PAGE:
Jenkins seen above at a press conference trying to explain why the local branch was honoring Sterling during the 100th Anniversary of the organization next month.   He explained the previous award had been approved by the man he replaced and he just went along to get along. But this time he was on the hot seat for approving the second award in May.  Jenkin’s excuse for not cutting ties with Sterling was lame at best.  He said “We were reluctant to make decisions based on rumors!”  We deal with the actual character of the person as we see it and as it is displayed.”    This is another example of the blind leading the blind all that Jenkins could see was “Show me the money.” The taped revealed exactly how Sterling felt about black people, including his good friend Magic Johnson.  He had his fingers in Magic’s eyes and his foot in his butt at the same time. Sterling won’t be the first to sleep black and think white when it comes to sex, politics and money. Slave owners lived by the credo and in modern day history there was the late Senator Strom Thurmond. The plantation mentality is just a board meeting away. I will always remember a meeting in the NBA League Office in 1978.  Nike NBA rep John Phillips and I met with VP Rod Thorn, League Counsel Gary Bettman and Head of League Security, Horace Balmer. The meeting centered around whether Magic Johnson, Mycal Thompson and a group of NBA All-Stars would be allowed to travel to the Bahamas for a charity basketball game without league approval. The game had been played in the Bahamas the previous year without incident or controversy. It was obvious that there was a power-play being made by the league office to cancel the game. Thorn open the meeting by asking who was going to be responsible if one of the players was hurt during the game?  John’s response, “Each player has his own insurance policy.” Bettman response, “You cannot assume that each player has insurance and you cannot go forward with this game without the league’s permission.” John and I had met with Magic and Mycal before the meeting and had given them a heads up.  They both were still ready to participate.  Magic suggested that the topic of conversation just might be centered around an injury to a player.  He was right on point. To this day I think Magic had a previous discussion with the league office. I responded to Thorn’s concern because it was legit. I tried to explain that playing the game was no different then one of the players participating in a pick-up game on a New York City playground in the off season.  In fact they would be safer playing in the Bahamas among their peers.  The risk of injury was minimum. Before Thorn could respond to me Bettman blurted out “You cannot do that we own them.”  John looked at me as if to say ‘I cannot believe he just said that.’ My response to Bettman, “What do you mean you own them.  What is this some kind of plantation?” The room went silent and Horace Balmer the only other black in the room just shook his head and seem to be lost for words.  The meeting went downhill from there.  Thorn called off the discussion and promised to get back to us but he never did. In the meantime, Magic Johnson disappeared and changed his number.  John Phillips met with Mycal Thompson and cancelled the game.  Mycal was a class act but his hands were tied when Magic decided to do his Houdini act. Gary Bettman now runs the NHL, Ron Thorn is still in the NBA somewhere calling the shots, Horace Balmer has since retired and Magic is the face (black) in the middle of the Donald Sterling charade. The Race Card is front and center.  When all is said and done, the real victim despite all of her baggage is the girlfriend (The Whistle Blower) V. Stiviano. NBA Commissioner Adam Silver during his annoucement as it related to the punishment of Donald Sterling apologize to black NBA pioneers Earl Lloyd, Chuck Cooper and Magic Johnson.  But forgot to thank V. Stiviano??? I am betting Magic Johnson and his NBA counter-parts throw her under the bus—-stay tune.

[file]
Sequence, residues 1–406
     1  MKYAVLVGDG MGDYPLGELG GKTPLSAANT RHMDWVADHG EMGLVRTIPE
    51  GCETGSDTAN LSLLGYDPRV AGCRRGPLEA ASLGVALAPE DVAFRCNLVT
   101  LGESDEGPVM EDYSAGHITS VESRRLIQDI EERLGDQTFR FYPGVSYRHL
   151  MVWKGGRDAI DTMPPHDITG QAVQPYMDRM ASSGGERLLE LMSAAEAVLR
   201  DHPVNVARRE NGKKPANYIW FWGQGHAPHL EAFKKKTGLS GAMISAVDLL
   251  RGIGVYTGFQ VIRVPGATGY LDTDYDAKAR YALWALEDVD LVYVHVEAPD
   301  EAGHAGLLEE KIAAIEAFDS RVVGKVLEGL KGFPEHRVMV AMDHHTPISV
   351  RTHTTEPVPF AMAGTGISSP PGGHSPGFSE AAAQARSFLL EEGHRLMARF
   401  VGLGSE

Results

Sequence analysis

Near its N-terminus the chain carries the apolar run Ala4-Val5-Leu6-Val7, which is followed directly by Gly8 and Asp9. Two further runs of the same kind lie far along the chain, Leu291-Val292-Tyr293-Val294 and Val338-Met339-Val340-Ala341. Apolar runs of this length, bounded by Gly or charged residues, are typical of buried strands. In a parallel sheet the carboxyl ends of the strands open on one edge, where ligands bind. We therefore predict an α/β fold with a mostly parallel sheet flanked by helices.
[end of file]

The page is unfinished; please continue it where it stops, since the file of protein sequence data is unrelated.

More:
Leave a Reply

Fill in your details below or click an icon to log in: Logo

You are commenting using your account. Log Out /  Change )

Facebook photo

You are commenting using your Facebook account. Log Out /  Change )

Connecting to %s

This site uses Akismet to reduce spam. Learn how your comment data is processed.